When you go vegan, you’ll often find yourself wondering why you didn’t do it sooner. I was no different and I spent a long time asking myself why I went vegan when I did. This is the conclusion I’ve come to.
I went vegan about a year and a half after becoming heavily involved in dog rescue. Weird connection, right? I mean, I hadn’t been eating dogs so why did going vegan coincide with my new passion for pooches?
Man’s dominion over animals
This is what I’ve put it down to. I had always had animals in my life, but I grew up in the developed world, where animals in need were never seen. There were no strays roaming the streets, no dogs hit by cars lying on the sides of roads. My exposure to animals in need went from 0-100mph over the course of a few days. I moved to a place where animals in need were everywhere you looked. And it was overwhelming. It still is. As a result, I started to develop a real distaste at man’s dominion over the animal kingdom. The dogs and cats that I saw on the streets struggling to survive were there because of us. We put them in the dire situations they found themselves in. All they could do was try to live with the challenges we gave them. This realisation, I think, is what tipped me over the edge and made me see all animals in this world in the same way. I began to despair, and I still do, at the fact that all animals on this planet are completely at our mercy. And we are not a merciful people.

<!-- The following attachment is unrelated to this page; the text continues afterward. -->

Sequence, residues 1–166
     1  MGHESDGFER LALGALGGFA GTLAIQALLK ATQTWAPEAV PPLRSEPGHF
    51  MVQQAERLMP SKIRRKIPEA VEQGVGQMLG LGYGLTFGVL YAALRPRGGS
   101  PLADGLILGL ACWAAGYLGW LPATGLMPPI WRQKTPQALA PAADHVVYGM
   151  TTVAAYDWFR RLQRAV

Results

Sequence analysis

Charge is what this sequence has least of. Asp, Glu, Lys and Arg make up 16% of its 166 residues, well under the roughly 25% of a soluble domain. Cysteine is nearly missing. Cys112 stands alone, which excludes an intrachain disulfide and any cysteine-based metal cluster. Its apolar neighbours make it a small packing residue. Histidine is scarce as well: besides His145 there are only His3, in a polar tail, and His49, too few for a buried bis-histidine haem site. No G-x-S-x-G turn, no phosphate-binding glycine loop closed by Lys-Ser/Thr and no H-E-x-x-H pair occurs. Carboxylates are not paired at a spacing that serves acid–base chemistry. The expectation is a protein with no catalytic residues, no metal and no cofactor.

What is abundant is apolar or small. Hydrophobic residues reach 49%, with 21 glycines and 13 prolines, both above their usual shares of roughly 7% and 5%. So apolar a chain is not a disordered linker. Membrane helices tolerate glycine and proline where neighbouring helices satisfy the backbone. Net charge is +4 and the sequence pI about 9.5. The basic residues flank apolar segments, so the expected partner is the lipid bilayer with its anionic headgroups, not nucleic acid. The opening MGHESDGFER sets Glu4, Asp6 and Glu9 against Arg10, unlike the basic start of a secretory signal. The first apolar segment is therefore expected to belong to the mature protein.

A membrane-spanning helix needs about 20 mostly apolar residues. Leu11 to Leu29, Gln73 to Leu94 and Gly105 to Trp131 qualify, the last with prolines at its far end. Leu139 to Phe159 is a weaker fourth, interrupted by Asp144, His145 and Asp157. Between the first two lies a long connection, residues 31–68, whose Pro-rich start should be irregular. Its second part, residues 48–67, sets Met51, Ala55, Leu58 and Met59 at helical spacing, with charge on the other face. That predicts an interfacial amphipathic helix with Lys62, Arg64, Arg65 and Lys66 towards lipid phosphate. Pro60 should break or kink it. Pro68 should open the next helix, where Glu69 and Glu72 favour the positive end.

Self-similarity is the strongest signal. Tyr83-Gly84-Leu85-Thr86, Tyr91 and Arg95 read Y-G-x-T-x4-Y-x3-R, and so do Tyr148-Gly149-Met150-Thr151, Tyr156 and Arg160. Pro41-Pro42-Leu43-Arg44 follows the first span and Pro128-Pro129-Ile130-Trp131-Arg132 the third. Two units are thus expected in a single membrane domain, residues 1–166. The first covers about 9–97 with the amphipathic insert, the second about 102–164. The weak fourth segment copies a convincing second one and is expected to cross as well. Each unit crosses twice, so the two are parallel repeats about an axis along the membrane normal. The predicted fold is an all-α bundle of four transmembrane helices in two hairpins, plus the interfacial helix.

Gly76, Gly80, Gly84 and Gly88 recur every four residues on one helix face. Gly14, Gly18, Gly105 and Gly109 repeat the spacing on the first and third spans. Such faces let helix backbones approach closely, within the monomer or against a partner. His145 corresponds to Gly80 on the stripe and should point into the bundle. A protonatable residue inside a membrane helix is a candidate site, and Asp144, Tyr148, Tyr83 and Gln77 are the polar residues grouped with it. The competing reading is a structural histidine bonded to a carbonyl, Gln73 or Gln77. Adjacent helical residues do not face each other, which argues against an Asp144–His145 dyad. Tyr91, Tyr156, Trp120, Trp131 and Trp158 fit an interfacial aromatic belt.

This distaste quickly spread to my eating habits and I looked at any living creature that died or suffered for my own life with the utmost sympathy and I could no longer be a part of that domination. Animals, like us, just want to live their lives and they’re unable to unless we give the go ahead. Why? Because we’re “top of the food chain”, of course (If there are typos here on in, it’s because I’m rolling my eyes so hard).
Vegans often talk about a ‘connection’ that made them go vegan. I guess the dog rescue thing was mine and I needed it to be as stark as physically taking an animal in need off the streets and providing a way for it to have a better life. But that in itself made me ashamed. It’s not as though I didn’t know before that in order to have that rump steak an animal needed to give its life. The phrasing of it however, that is what changed. That seemingly insignificant word ‘give’. It was a comforting word to me as a meat eater and still is for people I know who eat meat. The idea that some benevolent animal gave its life for you is something I find meat eaters cling to in order to exonerate themselves. No animal gives its life for humans. Their lives are forcibly taken every single time and that is not something anyone should be ok with. Not when there are other options to choose from.